So many of us serve through our martial arts and we come to teaching not only for the passion of the art itself but for a love of the people we serve. This, in itself is an enduring quality that requires nourishment and there is no greater nourishment than that is received from great mentors, partners and other practitioners holding fast to similar values, and visions of community, of family.
Nourishment comes from a sense of belonging that accepts you for who you are and values your creativity, values you as a beautiful human being as you are, for who you are .
None of us are flawless. We learn from not only our own mistakes, hardships and road blocks, but from others, that are wiser, more knowledgeable and have experienced the world in differing ways. When we are willing to be vulnerable and share our wisdom, we too may learn.
All of this provides nourishment so that we can become our best selves and when we become our best selves, our strong and empowered selves, we are an unstoppable collective to reckon with.
Take the time to do those things that reconnect you, reaffirm your vision and go forth and shine for your people and the people that come in to your life. It’s truly a beautiful thing.
Photo of Incoming Executive Director, Jennie Trower and Outgoing Executive Director, Shifu/Sensei Koré Grate
Extending Aikido, The Art of Peace
by Jamie Leno Zimron Sensei, AWMAI Co-Founder
Congratulations on the fabulous 25th annual 2023 Conference led by Shifu Koré Grate, the brilliant Board and all whom attended, awesome women martial artists and instructors! Kudos to all those who taught, and whom received Hall of Fame recognition. I really missed being with everyone in San Diego, though I was happily teaching in Oaxaca, Mexico. AWMAI is always close and deep in my heart, and every picture and post beams with amazing energy and inspiration!
In May, 2020, with the pandemic and Zoom setting in, several women colleagues and I co-founded Aikido Solstice Seminars. Sharing dissatisfaction with the biased power-archy, we saw new opportunity to set forth differently in virtual training events. From the start, we established these guidelines:
1) Diversity in choice of instructors, with a balance of veteran and younger / white and BIPOC / straight, cis, and LGBTQ / American and international teachers
2) Hold panel discussions addressing relevant, innovative, and controversial topics
3) Drop rank designation and simply call instructors “Sensei”
4) Zero tolerance for disrespect or abuse.
At our inaugural 2020 Summer Solstice Seminar, the hands-down most inventive class was taught by Atziri Servin Sensei, a “next-gen” teacher in Oaxaca. Have a look! She co-runs a dojo with her partner Jason, on their property with his thriving glass-art business and a permanent dojo building under construction. They are nurturing an Aiki community of adults and kids dedicated to training free from power trips, harassment, discrimination, or abuse of any kind. Atziri recently presented her work on Gender & Sports at a conference in Mexico City, and is developing protocols for dojos to ensure safe spaces for all students.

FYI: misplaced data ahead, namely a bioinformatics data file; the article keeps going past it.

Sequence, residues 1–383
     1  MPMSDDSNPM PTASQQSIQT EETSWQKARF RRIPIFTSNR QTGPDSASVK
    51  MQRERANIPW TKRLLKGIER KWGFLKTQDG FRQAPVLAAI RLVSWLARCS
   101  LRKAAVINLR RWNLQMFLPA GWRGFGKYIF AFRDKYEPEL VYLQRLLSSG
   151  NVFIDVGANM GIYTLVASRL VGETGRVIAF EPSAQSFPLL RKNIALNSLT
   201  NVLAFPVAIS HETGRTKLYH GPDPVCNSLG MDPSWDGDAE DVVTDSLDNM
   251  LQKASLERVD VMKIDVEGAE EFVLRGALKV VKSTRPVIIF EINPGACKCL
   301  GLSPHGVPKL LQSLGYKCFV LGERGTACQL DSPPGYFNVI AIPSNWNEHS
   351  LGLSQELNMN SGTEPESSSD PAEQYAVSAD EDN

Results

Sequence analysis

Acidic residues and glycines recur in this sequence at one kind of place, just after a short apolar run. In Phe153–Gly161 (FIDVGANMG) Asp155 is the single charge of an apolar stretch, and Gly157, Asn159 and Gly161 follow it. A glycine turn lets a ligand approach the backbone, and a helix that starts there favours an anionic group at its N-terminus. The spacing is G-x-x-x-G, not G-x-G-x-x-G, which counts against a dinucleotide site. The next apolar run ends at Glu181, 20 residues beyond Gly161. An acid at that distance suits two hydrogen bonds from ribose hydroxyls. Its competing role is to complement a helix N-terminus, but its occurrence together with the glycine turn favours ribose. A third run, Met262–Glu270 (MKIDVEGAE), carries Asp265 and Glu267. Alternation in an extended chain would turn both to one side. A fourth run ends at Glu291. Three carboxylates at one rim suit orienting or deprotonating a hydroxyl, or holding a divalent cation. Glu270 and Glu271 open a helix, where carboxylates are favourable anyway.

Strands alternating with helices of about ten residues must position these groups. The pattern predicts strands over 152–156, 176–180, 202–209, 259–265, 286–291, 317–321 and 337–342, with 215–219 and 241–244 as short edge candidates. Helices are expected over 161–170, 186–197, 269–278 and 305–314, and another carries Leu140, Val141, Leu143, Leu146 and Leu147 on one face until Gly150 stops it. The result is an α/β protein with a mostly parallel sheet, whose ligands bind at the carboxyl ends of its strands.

While I was in Mexico in February, it was a pure honor and delight to be invited to Oaxaca Aikido. After class one evening, a super-sweet and talented Japanese family living there treated us to a performance of traditional Okinawan Shamisen music. Along with beautiful training and sightseeing, Atziri, Jason, and I discussed (over delicious meals!) the damages and dangers due to misused power in the martial arts. They are deeply enjoying sharing and expanding their Aikido knowledge, in a pure atmosphere of respect and love, and away from organizational dictates and politics. While passing on worthy tradition and wisdom, they are freeing themselves to evolve training in ways that match their values and genuinely serve people, the world, and these times. For us all, I think it is total joyful inspiration and magic to be fellow travelers on this training path!
Since leaving the founding board of AWMAI in 2004, I have been serving on the board of Aiki Extensions, helping to develop Training Across Borders programs and bring The Art of Peace to many places and forums. Upon Russia’s brutal invasion of Ukraine last year, my colleague Julian Harel and I went from Israel to refugee centers in Poland to conduct Aiki-based Somatic Stress & Trauma Relief sessions with women and kids fleeing for their lives. Soon I will be visiting dojos in Kosice, Slovakia and Uzghorod in western Ukraine with my longtime Israeli Aikido friend, Anat Ben Meir. We are going to meet the founders of the Aikido For Ukraine Project, Aikido kids and instructors, and internally displaced Ukrainian families.
Last month, the Project helped bring several busloads of kids from Uzhgorod to the 3rd annual Aikido Festival for Youth, held in Prague. Roughly 140 children and 40 adult teachers and assistants from ten dojos in three countries trained together by day and slept on the mats at night. Our upcoming Aikido journey is designed to keep raising awareness of the war’s effects and funds for needed humanitarian supplies, while building bridges of friendship through teaching and training everyday.
Sensei Katie Murphy Stevens
Photo of Sensei Katie demonstrating an arm bar on Master Terri Giamartino
Sensei Katie's 2023 Hall of Fame Speech
There are some crazy techniques in Danzan Ryu Jujitsu! If I would have known that ahead of time, I probably would never have started training. I just would not have believed I could do those impossible things. I'm glad I didn’t know, because I did start training... and I loved it. Over time, little by little, I did indeed do all of those crazy things.
While I was coming up through the ranks, I focused on the physical techniques. They were very tangible. My body was getting stronger. My coordination improved. I had better balance. Those were the outward results of my martial arts practice. Very plain to see. At the same time, under cover, out of sight, another transformation was happening: a transformation of mind and spirit. I've come to believe that the mental transformation is just as important, if not more important, than the physical transformation.